- Remove the leaf part of the fennel bulbs and split in half. Cut fennel into strips but maintain the shape of the fennel (this is a bit tricky to explain, but look at the picture for clarification. When putting the “half fennel bulb” in the baking tray, it maintains it shape and does not look like it has even been cut up)
- In a roasting pan with high sides, smear the butter all along the bottom so that it covers the pan.
- Add in the fennel bulbs with each half laying flat on the bottom of the pan side by side.
- Season with salt and pepper.
- Cover midway up the fennel with the stock.
- Cover the pan with aluminum foil and place in the oven for 45-60 minutes.
- Remove the aluminum foil, and sprinkle the cheese so that it covers the fennel.
- Bake for about 20 minutes or until golden brown.
- Serve warm

photo credit: my own

Friday, April 8, 2011


Back in the winter I talked about my top five winter ingredients and ways in which to use them. So here are my favourites for Spring, and what I am looking forward to stocking up on! Knowing 5 ingredients like this is great as sometimes just being able to focus in on a few key items helps can really help in meal planning and recipe searching!

1) Peas
I love peas! They are just to me the epitome of springtime, with their fresh taste, vibrant green colour and sweet flavour. They are a great ingredient for many different dishes; soups, pastas, side dishes. Quite versatile and extremely inexpensive, peas are a great go-to for the spring.
- Sweet pea risotto
- Crostini with mushed sweet peas and lemon ricotta
- Pea soup

2) Asparagus
I don't think there is one vegetable I truly couldn't live without other than asparagus. Such a great flavour, and to me a good looking vegetable. It always looks good on a plate and can really make a dish look pretty and rustic. Great on their own, with natural flavours of olive oil, salt and pepper or one of my favourite ways, with eggs in a frittata. They also could accompany any meat dish you serve!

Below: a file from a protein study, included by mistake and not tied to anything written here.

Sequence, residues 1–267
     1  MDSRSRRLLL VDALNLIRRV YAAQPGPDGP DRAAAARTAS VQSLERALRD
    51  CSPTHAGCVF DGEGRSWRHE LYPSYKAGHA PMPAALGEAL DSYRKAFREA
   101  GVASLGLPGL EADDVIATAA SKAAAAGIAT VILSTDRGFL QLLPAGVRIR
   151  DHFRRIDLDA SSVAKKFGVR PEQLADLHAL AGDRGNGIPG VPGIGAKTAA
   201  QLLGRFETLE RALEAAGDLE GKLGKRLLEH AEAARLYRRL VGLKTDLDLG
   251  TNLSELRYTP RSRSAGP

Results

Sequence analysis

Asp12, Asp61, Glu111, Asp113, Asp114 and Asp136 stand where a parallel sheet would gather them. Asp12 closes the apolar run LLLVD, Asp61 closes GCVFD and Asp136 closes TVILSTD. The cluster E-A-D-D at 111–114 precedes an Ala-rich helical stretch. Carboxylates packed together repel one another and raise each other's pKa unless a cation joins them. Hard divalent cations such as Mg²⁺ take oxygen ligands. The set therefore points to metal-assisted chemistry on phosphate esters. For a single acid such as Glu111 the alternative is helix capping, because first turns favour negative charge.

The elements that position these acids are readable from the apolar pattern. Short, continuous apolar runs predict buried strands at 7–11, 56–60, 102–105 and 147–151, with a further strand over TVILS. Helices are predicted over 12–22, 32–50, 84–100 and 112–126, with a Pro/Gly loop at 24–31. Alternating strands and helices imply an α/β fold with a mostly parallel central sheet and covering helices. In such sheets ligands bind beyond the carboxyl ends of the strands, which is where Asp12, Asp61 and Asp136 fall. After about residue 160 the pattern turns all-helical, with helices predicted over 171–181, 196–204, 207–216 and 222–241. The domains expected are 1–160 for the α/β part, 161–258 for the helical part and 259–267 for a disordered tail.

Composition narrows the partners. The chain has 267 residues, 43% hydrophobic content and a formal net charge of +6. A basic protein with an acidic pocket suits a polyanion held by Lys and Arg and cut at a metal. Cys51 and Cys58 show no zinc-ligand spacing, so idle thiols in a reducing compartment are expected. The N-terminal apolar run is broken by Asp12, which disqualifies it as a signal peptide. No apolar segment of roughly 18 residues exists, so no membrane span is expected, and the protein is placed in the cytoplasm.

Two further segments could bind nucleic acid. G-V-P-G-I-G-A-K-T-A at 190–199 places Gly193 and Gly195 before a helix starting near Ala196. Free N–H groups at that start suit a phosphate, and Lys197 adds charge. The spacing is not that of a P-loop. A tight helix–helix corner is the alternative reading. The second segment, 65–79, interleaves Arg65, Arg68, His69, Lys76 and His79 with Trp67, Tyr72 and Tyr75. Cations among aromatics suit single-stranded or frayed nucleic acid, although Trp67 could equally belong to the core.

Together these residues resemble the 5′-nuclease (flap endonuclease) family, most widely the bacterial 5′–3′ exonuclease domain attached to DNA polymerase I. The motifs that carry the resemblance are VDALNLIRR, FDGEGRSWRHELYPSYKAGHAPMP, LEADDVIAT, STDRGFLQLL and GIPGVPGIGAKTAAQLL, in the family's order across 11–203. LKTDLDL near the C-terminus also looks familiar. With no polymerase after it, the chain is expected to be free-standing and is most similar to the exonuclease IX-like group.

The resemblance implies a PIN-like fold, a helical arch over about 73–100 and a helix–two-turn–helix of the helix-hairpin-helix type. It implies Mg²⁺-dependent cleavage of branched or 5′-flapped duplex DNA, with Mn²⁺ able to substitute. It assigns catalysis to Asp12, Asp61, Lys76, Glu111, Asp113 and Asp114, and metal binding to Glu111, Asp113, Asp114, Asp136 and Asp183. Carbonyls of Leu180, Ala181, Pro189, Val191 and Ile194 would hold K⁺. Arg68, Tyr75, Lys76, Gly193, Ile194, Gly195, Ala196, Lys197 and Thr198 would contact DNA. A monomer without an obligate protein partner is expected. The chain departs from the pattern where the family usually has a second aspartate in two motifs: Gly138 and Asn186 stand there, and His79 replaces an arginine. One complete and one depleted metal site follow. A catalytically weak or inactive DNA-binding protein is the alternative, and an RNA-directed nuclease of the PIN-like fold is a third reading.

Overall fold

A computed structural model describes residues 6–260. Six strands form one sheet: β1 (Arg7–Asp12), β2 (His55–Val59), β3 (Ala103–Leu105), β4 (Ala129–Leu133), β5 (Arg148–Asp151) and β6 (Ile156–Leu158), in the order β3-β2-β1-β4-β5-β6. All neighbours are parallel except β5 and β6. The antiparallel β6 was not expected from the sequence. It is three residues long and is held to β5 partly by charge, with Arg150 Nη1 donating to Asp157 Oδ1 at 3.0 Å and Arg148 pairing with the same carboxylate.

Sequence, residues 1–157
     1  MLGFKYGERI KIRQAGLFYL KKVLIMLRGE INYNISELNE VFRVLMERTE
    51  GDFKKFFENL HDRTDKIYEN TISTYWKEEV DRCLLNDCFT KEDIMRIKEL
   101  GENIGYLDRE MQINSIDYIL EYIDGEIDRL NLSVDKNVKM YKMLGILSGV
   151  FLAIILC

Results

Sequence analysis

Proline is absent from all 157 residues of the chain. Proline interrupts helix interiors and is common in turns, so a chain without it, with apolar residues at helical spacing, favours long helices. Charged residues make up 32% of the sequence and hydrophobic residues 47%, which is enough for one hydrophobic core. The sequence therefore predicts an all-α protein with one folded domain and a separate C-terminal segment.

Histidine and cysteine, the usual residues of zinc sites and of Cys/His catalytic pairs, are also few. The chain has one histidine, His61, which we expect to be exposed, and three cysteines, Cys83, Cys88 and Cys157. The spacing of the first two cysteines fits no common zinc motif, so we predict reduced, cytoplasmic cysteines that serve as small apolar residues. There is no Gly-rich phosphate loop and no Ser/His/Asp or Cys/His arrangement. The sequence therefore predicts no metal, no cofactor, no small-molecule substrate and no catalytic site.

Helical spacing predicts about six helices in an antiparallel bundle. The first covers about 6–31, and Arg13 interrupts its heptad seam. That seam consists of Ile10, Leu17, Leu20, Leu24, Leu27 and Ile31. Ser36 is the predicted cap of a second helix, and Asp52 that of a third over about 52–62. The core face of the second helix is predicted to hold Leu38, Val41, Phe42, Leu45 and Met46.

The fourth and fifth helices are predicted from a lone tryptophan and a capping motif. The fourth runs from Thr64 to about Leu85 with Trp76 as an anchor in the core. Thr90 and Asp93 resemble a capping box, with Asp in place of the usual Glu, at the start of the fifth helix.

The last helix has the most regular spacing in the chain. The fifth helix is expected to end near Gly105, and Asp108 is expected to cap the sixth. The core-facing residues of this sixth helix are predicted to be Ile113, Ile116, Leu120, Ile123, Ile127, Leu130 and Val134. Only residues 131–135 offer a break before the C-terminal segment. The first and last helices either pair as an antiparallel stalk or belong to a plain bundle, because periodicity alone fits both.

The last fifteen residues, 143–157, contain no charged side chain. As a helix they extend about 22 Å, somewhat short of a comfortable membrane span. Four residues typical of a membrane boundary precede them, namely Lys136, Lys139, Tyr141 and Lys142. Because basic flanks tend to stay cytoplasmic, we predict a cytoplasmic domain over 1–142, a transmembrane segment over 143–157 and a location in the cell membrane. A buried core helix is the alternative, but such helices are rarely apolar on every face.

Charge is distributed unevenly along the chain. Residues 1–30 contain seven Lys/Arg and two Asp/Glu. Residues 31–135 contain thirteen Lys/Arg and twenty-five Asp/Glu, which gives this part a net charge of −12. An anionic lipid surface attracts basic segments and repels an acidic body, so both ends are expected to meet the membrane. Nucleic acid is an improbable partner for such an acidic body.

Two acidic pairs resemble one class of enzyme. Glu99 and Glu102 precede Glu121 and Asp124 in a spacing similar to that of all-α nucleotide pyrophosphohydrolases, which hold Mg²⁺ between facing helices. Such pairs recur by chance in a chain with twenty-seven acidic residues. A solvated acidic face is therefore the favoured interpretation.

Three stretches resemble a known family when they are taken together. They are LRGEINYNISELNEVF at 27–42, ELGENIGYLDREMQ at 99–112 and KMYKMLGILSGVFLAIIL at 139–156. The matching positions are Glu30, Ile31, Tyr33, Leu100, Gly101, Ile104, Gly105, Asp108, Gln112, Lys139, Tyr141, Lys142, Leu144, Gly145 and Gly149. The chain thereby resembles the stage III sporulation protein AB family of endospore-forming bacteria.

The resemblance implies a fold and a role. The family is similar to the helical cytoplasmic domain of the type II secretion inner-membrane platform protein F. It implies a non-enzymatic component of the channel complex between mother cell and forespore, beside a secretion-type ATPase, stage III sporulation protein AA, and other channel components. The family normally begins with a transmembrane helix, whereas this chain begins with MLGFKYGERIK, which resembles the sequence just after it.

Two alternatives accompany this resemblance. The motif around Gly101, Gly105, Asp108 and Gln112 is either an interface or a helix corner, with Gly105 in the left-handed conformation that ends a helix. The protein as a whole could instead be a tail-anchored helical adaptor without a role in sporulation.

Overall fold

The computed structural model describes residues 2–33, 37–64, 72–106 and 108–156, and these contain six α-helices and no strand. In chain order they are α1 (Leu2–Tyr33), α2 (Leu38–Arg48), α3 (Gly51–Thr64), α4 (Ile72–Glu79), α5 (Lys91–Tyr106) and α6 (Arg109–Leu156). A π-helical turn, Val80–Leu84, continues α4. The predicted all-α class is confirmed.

- Roasted asparagus
- Asparagus frittata

3) Lemon
I am obsessed with lemons these days. Their tart flavour, versatility and bright colour just draw me in! A great springtime flavour, you will be sure to love this ingredient. It can be in salad dressings, in desserts, freshly squeezed
- Meyer Lemon tart
- Lemon ricotta for a crostini (basically this is a light and fluffy spread that can go on a crostini, delicious on its own or with crushed peas on top, this is a great springtime dish. To assemble just mix 1/2 ricotta with 2 tbsp lemon juice, some lemon zest, salt and pepper. For a deeper lemon flavour continue adding lemon juice to the mix)

4) Mint
I keep repeating how "fresh" flavour all of these ingredients are, and I guess the word fresh is just what I think of as necessary for Springtime. Mint is another one of those ingredients. After using it in my lab at school this week I rediscovered my love for mint! Beautiful as a garnish!